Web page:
Can Manufactured Bands ever be Classified as 'Good' Art? The Effect of the Market on the Construction of Music
Manufactured bands now make up a major percentage of chart music today, not least of them Take That, Boyzone, Bad Boys inc., East 17 and other all-boy pop bands. In this essay I would like to discuss how the standard of art has been lowered by the capitalistic system of the music industry, using a specific example - 'Upside Down', which is maybe the latest addition to this genre of music.
By this genre of music, I mean the all-boy bands which have been specifically manufactured and targeted at the 'teenybopper' age class (and also the gay market?).
To argue that this form of art is 'bad' art, one must have a reference point - a set of values by which to judge. This is almost always a personal opinion, and I would first of all like to explain my personal opinion.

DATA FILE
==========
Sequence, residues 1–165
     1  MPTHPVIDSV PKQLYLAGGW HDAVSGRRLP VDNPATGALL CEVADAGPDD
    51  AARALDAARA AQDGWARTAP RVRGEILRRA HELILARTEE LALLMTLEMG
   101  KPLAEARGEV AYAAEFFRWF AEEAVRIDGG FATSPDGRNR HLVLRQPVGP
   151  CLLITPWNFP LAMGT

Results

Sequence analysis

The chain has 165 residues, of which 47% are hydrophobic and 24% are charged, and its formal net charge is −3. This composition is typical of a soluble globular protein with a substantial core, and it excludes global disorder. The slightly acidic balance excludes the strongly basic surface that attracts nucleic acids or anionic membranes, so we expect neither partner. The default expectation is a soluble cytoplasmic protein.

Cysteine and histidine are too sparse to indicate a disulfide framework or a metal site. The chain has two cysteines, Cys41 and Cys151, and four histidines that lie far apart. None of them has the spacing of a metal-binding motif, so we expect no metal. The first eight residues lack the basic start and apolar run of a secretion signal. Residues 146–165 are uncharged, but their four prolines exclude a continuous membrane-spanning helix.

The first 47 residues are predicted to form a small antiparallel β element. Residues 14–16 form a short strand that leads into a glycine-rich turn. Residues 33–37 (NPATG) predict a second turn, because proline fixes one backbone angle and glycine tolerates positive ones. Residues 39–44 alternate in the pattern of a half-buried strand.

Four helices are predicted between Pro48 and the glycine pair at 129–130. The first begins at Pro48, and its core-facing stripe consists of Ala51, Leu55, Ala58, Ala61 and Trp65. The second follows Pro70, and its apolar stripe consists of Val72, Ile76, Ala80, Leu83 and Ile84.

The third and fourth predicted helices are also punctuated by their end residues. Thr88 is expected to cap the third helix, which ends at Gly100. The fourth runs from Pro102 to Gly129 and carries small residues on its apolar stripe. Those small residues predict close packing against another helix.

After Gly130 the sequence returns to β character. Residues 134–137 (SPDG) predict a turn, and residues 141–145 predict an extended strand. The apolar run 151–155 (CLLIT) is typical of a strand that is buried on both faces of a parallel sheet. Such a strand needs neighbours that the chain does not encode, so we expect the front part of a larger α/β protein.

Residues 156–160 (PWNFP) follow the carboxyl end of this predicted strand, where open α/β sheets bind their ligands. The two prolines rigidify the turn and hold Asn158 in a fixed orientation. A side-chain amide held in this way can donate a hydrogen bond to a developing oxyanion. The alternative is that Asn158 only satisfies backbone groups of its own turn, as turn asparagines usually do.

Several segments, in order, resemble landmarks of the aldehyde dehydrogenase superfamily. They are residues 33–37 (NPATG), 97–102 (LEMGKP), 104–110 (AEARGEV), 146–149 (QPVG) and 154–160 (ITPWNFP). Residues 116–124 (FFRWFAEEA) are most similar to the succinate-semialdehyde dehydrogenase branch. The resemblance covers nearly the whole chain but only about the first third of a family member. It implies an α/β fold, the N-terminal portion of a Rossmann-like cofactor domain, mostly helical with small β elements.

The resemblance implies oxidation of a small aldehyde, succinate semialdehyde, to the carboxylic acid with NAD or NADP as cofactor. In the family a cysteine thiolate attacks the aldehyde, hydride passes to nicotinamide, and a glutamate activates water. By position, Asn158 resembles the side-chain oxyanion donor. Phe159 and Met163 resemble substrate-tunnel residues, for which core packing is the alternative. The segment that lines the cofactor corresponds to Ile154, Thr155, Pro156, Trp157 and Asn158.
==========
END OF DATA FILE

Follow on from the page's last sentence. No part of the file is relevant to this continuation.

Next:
I believe that 'good' art has something to offer to the individual perceiver, be it painting, book, film, dance or music. These are all different forms of art, but one thing binds them all together - the fact that they are creations, created and crafted to the personal specifications of the artist. This makes the product original.
Two values by which I judge music are creativity and originality. I believe that good art provides 'food for thought' - that special something which, after the tape has finished, after leaving the cinema or closing a book, leaves an 'aftertaste' - something to think about, be it, 'how did he/she play that' or, 'what was he/she trying to say with that piece,' the list goes on.
Basic Market Analysis
For the purposes of this essay, I want...